Erik Buell Racing back in business; production slated to start in March
It’s been one sequence of corporate upheaval after another in recent years for respected chassis and performance engineer Erik Buell. However, whisper it softly, but it may be that his latest cycle of "difficulties" may after all be about to take a turn for the better - for the time being at least.
After running out of money a year ago, a tortuous on-off process of asset auctions made it unclear (unlikely even) that his EBR business would ever survive an administration process that quickly became liquidation.
EBR is the business that Buell phoenixed from the ashes of Harley's 2009 decision to close Buell Motorcycles, as it reacted drastically to the downturn under the leadership of CEO Keith Wandell. Buell had started the business in 1983; Harley took a 49 percent position in it in 1993, and then took over full ownership 10 years later.
Initially EBR was a race bike business, focused on the 1190RS it launched in 2011. In 2013 EBR sold a 49.2 percent stake to ambitious Indian motorcycle manufacturer Hero Motor Corp as it looked for a northern hemisphere foothold that could be a springboard for entry into the higher value and larger displacement North American and European markets.
Initially that deal looked robust as Hero established a race team, and a European EBR subsidiary was set up with sales underway of its 1190RX production street bike derivative, and the 2013 announcement of plans for an 1190SX streetfighter styled "muscle bike". Indeed there were plans for an adventure bike too, believed to have been designated 1190AX, and work was well underway helping Hero to develop new models, the HX250R among them. Hero is the world's largest single entity motorcycle manufacturer, by unit volume, but efforts to leverage its "strategic alliance" with, and investment in, East Troy, Wisconsin based EBR always looked ambitious, especially in relation to the price it paid for its stake.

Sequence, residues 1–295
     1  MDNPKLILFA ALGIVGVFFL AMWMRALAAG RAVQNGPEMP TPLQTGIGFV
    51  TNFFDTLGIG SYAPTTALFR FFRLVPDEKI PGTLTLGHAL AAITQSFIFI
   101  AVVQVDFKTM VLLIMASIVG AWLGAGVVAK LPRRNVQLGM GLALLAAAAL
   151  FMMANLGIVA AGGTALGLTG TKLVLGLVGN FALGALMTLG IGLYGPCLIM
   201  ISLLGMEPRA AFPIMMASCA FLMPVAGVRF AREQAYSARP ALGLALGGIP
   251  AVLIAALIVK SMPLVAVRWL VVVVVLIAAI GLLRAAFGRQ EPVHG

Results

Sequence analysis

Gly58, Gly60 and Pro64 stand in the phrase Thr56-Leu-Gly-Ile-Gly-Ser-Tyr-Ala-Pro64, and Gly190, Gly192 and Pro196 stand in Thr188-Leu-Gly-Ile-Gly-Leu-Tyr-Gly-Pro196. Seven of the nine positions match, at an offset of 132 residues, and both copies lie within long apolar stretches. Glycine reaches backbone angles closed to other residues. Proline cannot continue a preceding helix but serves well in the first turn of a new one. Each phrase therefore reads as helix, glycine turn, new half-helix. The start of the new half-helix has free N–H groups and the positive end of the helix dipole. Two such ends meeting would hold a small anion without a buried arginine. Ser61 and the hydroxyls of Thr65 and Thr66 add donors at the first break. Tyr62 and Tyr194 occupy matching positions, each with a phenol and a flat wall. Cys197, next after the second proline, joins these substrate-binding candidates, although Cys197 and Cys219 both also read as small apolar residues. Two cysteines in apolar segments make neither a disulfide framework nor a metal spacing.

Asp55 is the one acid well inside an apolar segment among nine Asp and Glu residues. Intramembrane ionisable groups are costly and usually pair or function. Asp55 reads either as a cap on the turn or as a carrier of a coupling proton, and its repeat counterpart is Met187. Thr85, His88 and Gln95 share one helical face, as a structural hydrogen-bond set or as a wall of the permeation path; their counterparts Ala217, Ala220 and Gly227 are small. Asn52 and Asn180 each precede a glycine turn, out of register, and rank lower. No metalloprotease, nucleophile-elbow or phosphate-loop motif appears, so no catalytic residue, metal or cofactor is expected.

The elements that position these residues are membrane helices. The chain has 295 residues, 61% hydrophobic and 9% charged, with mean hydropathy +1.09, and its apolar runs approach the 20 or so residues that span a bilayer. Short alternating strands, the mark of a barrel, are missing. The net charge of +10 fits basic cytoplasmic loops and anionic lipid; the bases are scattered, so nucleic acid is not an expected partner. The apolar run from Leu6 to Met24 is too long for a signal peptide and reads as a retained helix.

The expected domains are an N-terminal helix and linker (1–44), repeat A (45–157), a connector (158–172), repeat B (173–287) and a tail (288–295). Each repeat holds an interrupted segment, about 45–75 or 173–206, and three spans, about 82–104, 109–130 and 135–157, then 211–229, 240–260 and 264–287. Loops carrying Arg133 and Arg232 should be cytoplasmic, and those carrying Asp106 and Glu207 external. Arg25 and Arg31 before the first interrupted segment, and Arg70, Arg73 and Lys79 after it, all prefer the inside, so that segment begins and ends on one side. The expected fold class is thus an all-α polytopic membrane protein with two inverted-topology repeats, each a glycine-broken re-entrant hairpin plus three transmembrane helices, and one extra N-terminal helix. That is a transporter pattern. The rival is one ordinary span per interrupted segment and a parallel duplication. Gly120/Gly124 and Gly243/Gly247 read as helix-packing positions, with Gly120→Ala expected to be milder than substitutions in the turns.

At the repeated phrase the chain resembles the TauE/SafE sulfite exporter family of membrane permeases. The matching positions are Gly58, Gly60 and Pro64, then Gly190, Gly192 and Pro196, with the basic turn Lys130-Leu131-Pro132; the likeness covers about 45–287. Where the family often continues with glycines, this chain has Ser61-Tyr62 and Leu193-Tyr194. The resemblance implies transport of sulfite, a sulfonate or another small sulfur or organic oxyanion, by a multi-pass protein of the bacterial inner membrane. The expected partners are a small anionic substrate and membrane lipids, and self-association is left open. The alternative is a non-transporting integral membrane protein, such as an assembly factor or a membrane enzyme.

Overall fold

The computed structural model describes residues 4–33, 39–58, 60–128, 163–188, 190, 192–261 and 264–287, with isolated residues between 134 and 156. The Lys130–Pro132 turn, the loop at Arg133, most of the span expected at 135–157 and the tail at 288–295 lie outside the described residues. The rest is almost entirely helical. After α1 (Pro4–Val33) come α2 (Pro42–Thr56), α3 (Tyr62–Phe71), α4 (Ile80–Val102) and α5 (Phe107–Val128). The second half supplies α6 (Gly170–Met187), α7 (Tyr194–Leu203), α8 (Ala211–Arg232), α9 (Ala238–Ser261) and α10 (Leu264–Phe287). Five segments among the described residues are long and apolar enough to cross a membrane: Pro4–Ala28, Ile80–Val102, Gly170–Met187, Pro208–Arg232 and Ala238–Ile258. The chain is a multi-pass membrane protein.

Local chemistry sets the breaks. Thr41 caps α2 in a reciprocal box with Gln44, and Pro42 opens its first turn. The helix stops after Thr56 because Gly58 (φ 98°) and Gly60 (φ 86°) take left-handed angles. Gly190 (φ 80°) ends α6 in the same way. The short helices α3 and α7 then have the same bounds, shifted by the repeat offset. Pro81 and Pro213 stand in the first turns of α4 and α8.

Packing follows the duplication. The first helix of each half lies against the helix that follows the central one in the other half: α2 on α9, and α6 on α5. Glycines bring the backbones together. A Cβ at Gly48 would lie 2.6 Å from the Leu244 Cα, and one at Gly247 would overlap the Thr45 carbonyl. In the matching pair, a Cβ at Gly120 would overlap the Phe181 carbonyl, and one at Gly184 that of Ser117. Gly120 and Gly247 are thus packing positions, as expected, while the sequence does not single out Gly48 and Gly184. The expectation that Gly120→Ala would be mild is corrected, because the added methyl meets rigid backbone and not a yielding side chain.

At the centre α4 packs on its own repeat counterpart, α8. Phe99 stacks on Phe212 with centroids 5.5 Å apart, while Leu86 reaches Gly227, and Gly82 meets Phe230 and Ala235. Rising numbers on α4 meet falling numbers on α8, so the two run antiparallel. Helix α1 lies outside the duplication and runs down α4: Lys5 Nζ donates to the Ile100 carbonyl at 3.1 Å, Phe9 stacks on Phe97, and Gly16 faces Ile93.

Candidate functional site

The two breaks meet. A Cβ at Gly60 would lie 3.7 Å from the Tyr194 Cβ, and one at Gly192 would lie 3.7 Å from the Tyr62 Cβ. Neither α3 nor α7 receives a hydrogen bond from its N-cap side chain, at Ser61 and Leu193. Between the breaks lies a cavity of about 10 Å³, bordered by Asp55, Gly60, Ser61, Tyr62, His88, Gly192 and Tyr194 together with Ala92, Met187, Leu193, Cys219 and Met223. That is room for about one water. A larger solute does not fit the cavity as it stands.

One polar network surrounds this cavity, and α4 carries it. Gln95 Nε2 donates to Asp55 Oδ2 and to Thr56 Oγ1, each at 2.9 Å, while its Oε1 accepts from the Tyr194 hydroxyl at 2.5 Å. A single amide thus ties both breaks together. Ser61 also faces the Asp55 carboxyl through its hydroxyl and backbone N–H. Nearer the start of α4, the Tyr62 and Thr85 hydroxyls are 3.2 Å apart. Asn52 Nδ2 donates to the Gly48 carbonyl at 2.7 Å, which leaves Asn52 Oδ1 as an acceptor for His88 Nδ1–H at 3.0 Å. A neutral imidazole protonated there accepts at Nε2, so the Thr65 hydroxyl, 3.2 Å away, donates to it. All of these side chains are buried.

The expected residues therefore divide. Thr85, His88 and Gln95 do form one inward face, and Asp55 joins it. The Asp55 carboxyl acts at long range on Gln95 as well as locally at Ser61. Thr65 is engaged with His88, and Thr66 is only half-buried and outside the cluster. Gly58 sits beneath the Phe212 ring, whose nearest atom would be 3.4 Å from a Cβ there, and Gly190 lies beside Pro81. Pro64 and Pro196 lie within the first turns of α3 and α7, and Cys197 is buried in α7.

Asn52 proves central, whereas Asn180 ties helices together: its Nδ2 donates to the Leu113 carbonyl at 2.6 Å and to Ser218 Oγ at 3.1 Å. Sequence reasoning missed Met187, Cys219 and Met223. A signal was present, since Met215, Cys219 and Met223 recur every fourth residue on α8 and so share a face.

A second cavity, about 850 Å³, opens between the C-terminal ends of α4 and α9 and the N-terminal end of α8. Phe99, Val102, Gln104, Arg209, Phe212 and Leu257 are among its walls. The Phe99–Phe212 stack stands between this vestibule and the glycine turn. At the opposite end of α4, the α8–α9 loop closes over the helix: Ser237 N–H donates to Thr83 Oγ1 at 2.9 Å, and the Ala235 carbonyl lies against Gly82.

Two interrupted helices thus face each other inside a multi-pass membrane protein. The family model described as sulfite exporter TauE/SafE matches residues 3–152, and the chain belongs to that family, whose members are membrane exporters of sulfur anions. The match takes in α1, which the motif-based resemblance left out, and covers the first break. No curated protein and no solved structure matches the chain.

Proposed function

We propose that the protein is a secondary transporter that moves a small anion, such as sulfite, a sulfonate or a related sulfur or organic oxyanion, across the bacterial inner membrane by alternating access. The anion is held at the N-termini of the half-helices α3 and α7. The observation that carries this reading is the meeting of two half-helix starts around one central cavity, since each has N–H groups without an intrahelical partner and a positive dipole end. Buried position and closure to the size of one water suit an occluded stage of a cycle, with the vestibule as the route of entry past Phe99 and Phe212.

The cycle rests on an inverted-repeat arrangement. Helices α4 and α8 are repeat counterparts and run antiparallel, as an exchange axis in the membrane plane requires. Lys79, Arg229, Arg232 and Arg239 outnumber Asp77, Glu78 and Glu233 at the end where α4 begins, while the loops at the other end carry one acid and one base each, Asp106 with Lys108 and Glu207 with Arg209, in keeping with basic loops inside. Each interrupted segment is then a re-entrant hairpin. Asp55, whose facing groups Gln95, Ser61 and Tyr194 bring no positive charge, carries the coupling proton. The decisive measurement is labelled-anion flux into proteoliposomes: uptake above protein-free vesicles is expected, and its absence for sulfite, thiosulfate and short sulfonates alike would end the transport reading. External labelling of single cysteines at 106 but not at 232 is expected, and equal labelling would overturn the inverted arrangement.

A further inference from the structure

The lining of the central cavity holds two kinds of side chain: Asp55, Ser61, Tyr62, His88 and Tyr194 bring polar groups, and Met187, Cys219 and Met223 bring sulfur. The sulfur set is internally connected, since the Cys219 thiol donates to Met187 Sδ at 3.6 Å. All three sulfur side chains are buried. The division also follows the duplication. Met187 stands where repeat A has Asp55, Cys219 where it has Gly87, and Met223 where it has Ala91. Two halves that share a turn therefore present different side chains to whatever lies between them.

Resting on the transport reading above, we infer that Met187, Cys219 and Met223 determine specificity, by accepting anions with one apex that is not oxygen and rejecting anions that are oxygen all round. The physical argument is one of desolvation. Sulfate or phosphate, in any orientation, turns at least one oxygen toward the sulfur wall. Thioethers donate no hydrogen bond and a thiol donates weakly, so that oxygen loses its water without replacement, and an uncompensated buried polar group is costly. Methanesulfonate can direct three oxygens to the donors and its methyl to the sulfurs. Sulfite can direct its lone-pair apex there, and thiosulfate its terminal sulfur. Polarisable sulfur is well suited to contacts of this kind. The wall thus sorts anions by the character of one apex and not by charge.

That stake was a $25m investment, and it clearly proved inadequate as EBR collapsed with debts put at around $20m when it filed for protection in 2015, leaving some 126 employees with uncertain futures. There still are rumors and uncertainties about the exact role that Hero played (or more to the point did not play) in securing EBR's position.
That uncertainty was only worsened by a liquidation process that saw Hero successfully bid for some assets it claimed as its own, and two failed attempts by at least two other bidders to secure the remaining tooling and parts - one of those bidders had been Belfer, of Atlantic Metals Group in New Jersey, who was also hoping to secure a future for EBR as a viable manufacturer.
However, Bill Melvin's Grand Rapids, Michigan based Liquid Asset Partners (LAP) emerged successful in January at the third time of asking.
No stranger to motorcycle and powersports industry liquidations, from the outset Melvin has made it clear that he wanted to try to secure a future for EBR as a going concern, returning it to production before it could be sold-on as a viable business to owners that would develop it as an American motorcycle manufacturer.
LAP has been one of the 'go-to' liquidation specialists in the motorcycle and powersports industry. Their prior industry involvements have been many and varied. LAP was the company that Harley-Davidson used to sell off the assets of Buell Motorcycles in the first place in 2010, and have previously been involved in several other powersports industry asset disposals - such as "Gilroy" Indian, American Ironhorse and Cannondale. Indeed, LAP is currently conducting the sale of the remaining parts stock of Columbus, Ohio based Dixie Distributing.
At the time of writing LAP was slating March 17th as the day for production to recommence, and inviting the media to go to the factory to witness the latest twist in the Buell story.
The new company, EBR Motorcycles, LLC, will start with production of 2016 1190RX and 1190SX motorcycles. The first bikes are scheduled to roll off the line on March 17th with a Press Day for approved media, with March 18th slated as a day for "the public, Buell Nation, and EBR fans to attend the EBR launch party at the factory."
Bill Melvin Jr., who will be CFO of the new business, is quoted as saying that "this would not be possible without the EBR team. All the credit goes to them for waiting out the storms during the last year. Now the clouds have cleared, EBR is able to shift into gear knowing that it has financial stability, a profitable multi-year plan, and a 5-10 year vision. We feel there is still room for new partnerships or investment, but it is not critical. EBR is on solid ground and moving forward."
Erik Buell, who will serve as Chief Technical Officer, said: "I am really looking forward to the launch and the press day. I have dedicated my life to this and want to get the word out on how great our motorcycles are."